Monuments Evoke Tragic Memories of NATO Bombing of Yugoslavia

Balkan Transitional Justice | March 24, 2021

There are memorials across Serbia and Kosovo to commemorate hundreds of people who died during NATO’s 78-day bombing campaign against Yugoslavia, which began on March 24, 1999 and is being marked with an official commemoration in Belgrade on Wednesday evening.

Some of them are huge monuments, like the ‘Eternal Flame’ column in the Serbian capital; others are much more modest, like the engraved stone slab in the Kosovo village of Bishtazhin commemorating 41 ethnic Albanians who were mistakenly killed by a NATO air strike.

The Western military alliance launched its air strikes in an attempt to force Yugoslav President Slobodan Milosevic to accept the terms of an agreement to end his military campaign against the Kosovo Liberation Army, which involved widespread ethnic cleansing. But as the bombing continued, Milosevic’s army and police force intensified their war and committed a series of massacres of ethnic Albanian civilians.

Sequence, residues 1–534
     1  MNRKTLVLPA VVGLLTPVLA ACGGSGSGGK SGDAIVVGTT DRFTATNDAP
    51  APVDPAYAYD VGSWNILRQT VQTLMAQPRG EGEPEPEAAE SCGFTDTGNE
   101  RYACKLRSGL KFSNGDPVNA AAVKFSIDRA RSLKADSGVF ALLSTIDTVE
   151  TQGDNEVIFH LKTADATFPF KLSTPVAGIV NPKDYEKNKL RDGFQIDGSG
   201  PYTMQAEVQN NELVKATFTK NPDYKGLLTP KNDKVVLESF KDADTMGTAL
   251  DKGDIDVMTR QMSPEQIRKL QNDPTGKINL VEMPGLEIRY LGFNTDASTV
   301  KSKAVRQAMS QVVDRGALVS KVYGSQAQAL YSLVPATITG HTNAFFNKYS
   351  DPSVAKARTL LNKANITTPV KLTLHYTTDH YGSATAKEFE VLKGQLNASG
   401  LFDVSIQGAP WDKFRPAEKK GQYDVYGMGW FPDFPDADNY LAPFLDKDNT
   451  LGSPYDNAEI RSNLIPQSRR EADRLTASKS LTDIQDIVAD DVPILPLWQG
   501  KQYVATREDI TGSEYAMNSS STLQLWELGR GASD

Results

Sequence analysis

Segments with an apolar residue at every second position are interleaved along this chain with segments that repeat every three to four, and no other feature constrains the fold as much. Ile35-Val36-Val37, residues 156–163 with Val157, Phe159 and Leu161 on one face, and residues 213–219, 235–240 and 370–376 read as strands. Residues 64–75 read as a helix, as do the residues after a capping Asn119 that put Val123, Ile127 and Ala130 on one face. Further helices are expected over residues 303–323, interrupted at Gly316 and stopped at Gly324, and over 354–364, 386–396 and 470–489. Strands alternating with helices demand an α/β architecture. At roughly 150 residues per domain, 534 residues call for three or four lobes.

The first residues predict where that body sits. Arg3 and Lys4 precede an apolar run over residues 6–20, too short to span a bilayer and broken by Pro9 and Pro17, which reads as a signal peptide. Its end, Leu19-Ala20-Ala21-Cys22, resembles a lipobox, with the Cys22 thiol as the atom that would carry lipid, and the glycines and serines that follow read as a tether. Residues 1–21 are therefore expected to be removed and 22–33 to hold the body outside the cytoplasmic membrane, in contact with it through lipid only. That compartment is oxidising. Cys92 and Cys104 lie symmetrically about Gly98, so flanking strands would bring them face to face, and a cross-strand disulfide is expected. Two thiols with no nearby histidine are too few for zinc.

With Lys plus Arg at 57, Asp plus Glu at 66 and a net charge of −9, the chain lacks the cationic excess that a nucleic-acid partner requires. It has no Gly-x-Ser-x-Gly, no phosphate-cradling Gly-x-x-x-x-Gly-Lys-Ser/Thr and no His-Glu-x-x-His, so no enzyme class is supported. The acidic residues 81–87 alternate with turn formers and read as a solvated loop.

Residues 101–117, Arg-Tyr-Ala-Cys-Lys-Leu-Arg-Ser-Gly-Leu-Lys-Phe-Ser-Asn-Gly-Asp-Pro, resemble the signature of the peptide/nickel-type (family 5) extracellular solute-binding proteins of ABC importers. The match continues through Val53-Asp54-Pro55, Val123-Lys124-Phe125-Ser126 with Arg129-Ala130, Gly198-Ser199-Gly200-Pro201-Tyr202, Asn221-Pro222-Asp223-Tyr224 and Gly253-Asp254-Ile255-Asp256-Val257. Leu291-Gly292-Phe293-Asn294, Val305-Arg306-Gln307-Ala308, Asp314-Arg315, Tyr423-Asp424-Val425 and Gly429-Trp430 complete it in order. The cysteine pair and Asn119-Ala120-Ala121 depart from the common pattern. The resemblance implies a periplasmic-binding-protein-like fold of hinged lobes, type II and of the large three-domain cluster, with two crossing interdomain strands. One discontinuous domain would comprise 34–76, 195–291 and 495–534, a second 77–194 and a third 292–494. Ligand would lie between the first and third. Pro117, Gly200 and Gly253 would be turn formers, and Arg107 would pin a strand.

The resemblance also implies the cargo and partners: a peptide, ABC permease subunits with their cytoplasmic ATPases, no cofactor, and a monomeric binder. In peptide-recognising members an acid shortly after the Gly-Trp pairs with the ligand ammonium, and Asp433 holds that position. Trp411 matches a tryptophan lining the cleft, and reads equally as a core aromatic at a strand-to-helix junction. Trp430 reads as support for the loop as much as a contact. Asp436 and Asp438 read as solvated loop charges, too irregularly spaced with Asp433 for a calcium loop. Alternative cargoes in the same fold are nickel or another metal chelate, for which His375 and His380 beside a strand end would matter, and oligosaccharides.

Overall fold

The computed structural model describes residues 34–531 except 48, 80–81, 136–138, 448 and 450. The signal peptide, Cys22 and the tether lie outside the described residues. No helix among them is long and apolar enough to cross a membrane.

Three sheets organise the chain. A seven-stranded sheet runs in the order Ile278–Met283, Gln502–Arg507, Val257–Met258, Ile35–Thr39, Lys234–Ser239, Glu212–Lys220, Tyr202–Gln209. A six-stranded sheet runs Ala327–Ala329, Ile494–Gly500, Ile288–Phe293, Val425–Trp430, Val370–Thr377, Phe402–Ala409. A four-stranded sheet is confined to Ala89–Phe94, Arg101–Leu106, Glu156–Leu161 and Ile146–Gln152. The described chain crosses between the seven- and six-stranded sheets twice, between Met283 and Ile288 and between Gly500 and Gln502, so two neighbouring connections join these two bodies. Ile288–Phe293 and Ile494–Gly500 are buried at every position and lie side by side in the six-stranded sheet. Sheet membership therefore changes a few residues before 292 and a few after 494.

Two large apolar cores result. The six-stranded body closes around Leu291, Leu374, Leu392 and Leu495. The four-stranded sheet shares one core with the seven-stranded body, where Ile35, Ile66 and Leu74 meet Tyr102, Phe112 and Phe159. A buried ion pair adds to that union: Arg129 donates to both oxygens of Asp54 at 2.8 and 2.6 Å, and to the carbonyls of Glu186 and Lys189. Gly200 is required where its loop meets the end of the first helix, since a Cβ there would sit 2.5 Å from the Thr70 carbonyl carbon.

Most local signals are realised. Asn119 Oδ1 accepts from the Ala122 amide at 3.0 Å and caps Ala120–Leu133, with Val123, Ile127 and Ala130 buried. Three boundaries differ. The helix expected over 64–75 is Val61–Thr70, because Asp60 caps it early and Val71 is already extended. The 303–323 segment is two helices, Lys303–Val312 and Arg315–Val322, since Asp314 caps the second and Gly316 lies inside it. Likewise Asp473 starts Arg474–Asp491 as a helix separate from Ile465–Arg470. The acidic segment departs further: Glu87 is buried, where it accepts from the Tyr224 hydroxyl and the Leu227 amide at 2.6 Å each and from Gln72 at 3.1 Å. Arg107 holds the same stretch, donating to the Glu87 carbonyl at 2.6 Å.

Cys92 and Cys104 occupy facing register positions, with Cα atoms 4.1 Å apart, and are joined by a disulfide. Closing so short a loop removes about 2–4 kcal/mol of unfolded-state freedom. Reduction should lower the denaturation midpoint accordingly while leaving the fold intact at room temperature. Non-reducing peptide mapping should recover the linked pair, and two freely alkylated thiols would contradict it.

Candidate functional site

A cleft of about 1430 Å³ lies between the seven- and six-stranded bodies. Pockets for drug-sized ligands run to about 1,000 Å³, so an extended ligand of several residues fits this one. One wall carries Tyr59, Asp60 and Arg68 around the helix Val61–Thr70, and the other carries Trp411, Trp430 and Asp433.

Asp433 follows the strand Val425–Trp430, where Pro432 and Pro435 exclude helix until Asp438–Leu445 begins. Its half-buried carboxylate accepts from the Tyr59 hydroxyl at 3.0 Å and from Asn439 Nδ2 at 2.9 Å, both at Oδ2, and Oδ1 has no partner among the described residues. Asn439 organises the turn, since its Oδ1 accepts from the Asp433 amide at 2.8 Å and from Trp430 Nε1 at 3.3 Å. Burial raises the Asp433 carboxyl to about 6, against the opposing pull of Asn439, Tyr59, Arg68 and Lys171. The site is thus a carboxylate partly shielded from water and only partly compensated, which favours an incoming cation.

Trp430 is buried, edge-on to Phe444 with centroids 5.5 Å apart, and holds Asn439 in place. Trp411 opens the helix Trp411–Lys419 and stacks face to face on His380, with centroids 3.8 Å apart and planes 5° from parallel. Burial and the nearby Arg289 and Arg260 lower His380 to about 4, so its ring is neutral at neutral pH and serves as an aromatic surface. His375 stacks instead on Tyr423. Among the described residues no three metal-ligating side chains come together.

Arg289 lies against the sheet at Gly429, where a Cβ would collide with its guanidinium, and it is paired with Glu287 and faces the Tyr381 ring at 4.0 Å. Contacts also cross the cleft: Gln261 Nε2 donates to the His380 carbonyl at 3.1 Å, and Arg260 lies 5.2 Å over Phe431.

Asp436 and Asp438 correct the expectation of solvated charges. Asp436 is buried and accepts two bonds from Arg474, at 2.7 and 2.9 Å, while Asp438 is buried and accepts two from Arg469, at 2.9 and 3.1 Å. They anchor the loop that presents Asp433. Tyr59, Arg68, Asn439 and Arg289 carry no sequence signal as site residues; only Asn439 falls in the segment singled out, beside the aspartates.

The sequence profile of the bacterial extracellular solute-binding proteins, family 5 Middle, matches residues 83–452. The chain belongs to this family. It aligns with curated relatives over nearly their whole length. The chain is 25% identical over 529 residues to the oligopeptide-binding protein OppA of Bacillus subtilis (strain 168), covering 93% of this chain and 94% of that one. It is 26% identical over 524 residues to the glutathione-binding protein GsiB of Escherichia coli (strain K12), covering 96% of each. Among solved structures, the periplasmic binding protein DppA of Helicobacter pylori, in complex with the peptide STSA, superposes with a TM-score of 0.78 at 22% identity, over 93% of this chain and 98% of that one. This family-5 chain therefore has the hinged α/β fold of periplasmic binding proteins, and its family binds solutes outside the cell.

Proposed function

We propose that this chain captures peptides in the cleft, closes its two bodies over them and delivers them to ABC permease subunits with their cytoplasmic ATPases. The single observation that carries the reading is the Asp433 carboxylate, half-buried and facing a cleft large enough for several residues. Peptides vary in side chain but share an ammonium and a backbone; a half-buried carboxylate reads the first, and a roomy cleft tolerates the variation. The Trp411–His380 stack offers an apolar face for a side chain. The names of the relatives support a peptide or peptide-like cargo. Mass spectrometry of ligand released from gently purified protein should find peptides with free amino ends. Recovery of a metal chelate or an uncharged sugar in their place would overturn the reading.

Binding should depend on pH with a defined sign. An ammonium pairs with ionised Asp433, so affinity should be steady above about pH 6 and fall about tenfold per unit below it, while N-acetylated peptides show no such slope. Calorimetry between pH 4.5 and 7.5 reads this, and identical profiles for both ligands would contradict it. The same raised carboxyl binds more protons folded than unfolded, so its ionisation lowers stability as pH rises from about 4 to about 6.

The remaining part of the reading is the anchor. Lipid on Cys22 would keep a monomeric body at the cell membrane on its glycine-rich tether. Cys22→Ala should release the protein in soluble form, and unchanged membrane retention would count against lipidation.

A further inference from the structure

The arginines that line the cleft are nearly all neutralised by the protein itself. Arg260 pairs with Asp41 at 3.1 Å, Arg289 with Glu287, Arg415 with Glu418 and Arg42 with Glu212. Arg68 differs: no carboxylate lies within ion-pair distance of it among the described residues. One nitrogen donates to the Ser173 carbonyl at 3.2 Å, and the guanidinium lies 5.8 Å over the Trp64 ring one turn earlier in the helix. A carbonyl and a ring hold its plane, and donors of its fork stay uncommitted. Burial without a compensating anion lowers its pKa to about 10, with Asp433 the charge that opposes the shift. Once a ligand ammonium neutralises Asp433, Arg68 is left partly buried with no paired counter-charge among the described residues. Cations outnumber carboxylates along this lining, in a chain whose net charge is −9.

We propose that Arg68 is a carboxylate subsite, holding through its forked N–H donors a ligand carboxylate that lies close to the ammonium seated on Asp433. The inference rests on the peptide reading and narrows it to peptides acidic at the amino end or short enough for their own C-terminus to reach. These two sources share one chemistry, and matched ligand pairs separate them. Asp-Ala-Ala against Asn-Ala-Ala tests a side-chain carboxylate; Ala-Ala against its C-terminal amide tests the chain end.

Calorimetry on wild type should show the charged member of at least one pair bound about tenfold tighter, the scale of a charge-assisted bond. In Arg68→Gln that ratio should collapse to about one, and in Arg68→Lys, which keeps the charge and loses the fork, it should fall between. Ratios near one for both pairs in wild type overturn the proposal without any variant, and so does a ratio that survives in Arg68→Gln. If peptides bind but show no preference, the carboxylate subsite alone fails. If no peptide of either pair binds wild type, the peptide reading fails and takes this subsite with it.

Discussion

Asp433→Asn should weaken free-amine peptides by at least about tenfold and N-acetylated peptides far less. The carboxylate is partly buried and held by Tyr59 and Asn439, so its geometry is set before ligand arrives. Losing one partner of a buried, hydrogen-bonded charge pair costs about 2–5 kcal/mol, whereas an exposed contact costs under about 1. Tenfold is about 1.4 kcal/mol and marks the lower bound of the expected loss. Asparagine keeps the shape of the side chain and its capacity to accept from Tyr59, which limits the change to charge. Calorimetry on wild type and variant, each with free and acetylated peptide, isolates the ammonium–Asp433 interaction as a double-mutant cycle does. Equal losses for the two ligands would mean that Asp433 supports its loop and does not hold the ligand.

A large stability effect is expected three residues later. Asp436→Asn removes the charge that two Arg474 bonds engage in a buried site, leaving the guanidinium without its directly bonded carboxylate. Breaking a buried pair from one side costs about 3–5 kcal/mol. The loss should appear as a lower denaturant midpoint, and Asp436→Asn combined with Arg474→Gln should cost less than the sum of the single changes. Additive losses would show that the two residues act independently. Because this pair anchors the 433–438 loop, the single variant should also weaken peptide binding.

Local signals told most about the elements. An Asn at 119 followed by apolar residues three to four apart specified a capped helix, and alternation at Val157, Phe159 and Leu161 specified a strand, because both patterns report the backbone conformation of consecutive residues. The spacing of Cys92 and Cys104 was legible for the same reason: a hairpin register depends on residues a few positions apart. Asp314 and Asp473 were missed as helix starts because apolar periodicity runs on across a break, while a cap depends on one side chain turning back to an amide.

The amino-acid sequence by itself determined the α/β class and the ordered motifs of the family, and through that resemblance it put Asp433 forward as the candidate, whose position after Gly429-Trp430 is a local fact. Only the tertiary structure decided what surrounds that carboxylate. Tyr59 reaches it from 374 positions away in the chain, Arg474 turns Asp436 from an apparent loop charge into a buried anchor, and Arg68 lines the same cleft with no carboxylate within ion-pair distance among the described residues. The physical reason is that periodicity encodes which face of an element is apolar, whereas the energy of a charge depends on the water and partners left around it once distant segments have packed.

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Healthcare Under Socialism: The History of the Soviet Healthcare System

POLITSTURM | September 07, 2021

Healthcare Under Socialism: The History of the Soviet Healthcare System

There are a lot of discussions on the healthcare systems today. Capitalist ideologists try their best to prove that the state healthcare system is too expensive and can not be implemented. But history proved them wrong. How did socialism change the approach to the management of healthcare?

As a result of the October Revolution of 1917, an entirely new state was created in place of the Russian Empire, establishing a proletarian dictatorship. For the first time in history, the country’s resources and means of production were in the hands of the majority of the population, rather than a narrow stratum of the nobility and bourgeoisie. It was a state with different principles of development and a unique communist ideology.

As far back as 1903, Vladimir Lenin outlined the objectives of the state in the sphere of health protection in the 1st Program of the RSDLP. It stressed the necessity of establishing an 8-hour working day, banning child labor, arrangement of crèches in factories, state insurance for workers, sanitary supervision in factories, etc.  But like any new country, Soviet Russia was faced with many problems in all spheres which had to be solved as effectively and promptly as possible. And one of the most serious problems was the lack of a healthcare system.

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